Low-Density Lipoprotein Receptor Knockout Mice Exhibit Exaggerated Microvascular Responses to Inflammatory Stimuli
Abstract The objective of this study was to determine whether genetically induced hypercholesterolemia affects leukocyte–endothelial cell interactions in postcapillary venules of the mouse cremaster muscle. Leukocyte adhesion, emigration, and other microvascular parameters were assessed in venules of normal (wild-type) and low-density lipoprotein receptor–deficient (LDLr−/−) mice maintained on either normal rodent chow or on a high cholesterol diet (HCD). Measurements were obtained under control conditions and after administration of either leukotriene B4 (LTB4), platelet-activating factor (PAF), or tumor necrosis factor-α (TNF-α). Elevated numbers of adherent and emigrated leukocytes were observed in venules of LDLr−/− (compared with wild-type) mice on HCD, both under baseline conditions and after exposure to either LTB4, PAF, or TNF-α. Plasma TNF-α levels were also elevated in LDLr−/− versus wild-type mice. Administration of blocking monoclonal antibodies demonstrated that intercellular adhesion molecule-1, but not vascular cell adhesion molecule-1, mediates the exaggerated leukocyte–endothelial cell adhesion observed in LDLr−/− mice. The results of these studies indicate that chronic hypercholesterolemia predisposes the microvasculature to intense leukocyte–endothelial cell adhesion in response to different inflammatory stimuli.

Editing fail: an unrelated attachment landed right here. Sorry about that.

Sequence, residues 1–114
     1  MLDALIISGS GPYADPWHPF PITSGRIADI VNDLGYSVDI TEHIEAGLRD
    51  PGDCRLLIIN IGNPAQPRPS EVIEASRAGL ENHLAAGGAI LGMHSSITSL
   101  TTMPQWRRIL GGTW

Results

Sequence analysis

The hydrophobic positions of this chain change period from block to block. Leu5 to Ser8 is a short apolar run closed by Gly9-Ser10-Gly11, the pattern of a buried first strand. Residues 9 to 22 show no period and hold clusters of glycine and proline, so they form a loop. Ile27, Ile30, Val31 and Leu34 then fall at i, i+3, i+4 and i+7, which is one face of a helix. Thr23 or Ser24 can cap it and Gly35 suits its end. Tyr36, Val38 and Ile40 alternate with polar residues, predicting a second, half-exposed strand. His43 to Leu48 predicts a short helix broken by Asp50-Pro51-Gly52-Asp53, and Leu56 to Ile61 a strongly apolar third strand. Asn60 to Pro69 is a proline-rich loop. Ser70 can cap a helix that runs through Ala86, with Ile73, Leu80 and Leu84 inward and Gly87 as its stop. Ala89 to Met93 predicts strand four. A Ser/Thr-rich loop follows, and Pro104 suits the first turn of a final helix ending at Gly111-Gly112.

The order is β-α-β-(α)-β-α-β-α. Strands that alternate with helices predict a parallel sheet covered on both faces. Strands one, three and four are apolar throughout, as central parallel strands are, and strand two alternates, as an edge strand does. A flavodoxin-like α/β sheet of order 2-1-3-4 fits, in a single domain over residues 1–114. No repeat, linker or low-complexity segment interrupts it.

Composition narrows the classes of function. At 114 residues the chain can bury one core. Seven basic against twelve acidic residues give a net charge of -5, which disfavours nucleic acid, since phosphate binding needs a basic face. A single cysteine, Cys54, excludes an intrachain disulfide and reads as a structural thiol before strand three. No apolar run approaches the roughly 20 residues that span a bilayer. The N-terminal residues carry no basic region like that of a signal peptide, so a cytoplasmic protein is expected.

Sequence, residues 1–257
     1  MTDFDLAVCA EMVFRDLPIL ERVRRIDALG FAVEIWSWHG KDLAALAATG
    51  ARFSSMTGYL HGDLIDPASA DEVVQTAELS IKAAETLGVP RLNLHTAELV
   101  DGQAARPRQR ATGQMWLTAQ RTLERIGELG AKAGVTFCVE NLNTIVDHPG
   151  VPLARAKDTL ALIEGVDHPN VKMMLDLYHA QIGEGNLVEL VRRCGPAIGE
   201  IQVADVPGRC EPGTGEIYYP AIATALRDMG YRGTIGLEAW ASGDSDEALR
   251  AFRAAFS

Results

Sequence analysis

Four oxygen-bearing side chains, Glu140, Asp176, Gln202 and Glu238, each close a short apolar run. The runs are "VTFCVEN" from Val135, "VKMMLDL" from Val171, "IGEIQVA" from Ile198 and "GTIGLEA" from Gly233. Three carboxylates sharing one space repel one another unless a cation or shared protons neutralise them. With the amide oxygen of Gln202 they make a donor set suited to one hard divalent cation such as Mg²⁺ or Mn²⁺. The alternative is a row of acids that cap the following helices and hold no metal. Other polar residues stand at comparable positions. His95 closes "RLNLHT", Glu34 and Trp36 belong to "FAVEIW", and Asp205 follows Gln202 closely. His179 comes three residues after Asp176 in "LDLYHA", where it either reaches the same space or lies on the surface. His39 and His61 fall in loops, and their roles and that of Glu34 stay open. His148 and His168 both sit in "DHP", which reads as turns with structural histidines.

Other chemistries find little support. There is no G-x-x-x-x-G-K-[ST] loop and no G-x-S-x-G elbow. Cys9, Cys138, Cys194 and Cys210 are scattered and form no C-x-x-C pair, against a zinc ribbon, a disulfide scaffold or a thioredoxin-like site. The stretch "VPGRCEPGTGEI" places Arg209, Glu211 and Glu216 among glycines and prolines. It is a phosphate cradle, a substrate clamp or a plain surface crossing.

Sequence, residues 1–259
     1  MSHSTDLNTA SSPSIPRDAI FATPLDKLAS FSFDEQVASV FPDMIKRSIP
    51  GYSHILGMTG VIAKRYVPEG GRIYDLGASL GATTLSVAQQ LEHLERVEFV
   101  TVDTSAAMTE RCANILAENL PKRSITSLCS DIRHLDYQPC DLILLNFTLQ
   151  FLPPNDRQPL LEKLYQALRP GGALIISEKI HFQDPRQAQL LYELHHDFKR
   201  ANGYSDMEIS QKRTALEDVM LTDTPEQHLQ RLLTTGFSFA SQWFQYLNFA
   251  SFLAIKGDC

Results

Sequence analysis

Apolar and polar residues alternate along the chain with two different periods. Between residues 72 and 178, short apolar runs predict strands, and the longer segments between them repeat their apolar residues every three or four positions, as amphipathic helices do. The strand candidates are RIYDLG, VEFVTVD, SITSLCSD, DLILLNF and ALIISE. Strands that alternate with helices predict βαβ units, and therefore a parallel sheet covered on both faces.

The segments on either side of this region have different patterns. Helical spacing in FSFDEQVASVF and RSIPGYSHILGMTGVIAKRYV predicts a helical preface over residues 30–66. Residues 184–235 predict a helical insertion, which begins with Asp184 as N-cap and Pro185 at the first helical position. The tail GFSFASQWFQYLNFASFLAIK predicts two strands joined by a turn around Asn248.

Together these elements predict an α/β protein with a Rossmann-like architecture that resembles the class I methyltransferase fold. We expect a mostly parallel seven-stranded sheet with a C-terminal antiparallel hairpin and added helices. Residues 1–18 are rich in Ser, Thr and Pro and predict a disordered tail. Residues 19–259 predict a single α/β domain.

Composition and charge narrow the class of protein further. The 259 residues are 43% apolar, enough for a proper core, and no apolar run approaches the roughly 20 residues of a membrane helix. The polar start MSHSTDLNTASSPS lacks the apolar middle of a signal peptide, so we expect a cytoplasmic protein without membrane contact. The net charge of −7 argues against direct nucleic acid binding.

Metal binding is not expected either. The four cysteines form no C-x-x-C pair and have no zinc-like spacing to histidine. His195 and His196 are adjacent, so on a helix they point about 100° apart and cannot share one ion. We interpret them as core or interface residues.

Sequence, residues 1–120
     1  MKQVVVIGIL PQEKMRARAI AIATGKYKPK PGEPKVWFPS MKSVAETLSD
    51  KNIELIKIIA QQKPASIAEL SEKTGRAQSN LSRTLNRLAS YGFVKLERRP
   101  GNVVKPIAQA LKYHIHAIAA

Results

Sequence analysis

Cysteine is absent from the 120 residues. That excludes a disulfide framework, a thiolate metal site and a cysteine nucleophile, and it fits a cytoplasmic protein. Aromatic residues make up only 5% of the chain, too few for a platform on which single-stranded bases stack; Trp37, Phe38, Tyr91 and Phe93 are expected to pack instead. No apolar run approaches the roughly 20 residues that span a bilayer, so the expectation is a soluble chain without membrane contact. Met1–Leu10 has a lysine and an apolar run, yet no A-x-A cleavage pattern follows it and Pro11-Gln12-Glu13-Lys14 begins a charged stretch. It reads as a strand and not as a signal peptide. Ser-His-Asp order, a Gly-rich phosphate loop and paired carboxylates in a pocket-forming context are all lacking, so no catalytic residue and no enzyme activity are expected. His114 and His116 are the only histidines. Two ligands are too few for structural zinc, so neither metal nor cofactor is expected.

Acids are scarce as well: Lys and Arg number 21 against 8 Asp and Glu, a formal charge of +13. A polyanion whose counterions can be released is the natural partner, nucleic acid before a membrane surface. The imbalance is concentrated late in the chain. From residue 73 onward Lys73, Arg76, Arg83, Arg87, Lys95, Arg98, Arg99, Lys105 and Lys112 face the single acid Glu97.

Hypercholesterolemia, a primary risk factor for the development of atherosclerosis, appears to be associated with the initiation and progression of an inflammatory response in the vascular system. The chronic inflammatory nature of atherosclerotic lesions within major arteries has been described as consisting of inflammatory cell infiltrates, cellular proliferation, enhanced cytokine production, and an increased expression of endothelial CAMs.1 2 3 4 Although these inflammatory manifestations of atherosclerosis are generally assumed to occur exclusively in major arterial vessels, the results of recent studies suggest that the inflammatory response also extends to the arterial and venous segments of the microcirculation.5 6
It has been shown that rats placed on a hypercholesterolemic diet exhibit an attenuated endothelium-dependent relaxation of arterioles to acetylcholine and an increased number of rolling leukocytes in unstimulated postcapillary venules.6 It has also been noted that inflammatory mediator-induced recruitment of adherent leukocytes in postcapillary venules of hypercholesterolemic rats is more intense than that observed in their normocholesterolemic counterparts.7 There is also evidence suggesting that the enhanced leukocyte–endothelial cell adhesion and other microvascular abnormalities associated with hypercholesterolemia may be linked to a reduction in the production of endothelial cell–derived NO.6 8 Indeed, the oxidized lipoproteins found in the plasma of hypercholesterolemic subjects have been shown to inhibit the production and/or bioavailability of NO and to enhance the production of cytokines.1 9 10 Inasmuch as NO has been shown to be a potent inhibitor of leukocyte adhesion, it has been argued that a reduction in NO generation accounts for the inflammatory responses noted in hypercholesterolemic animals.11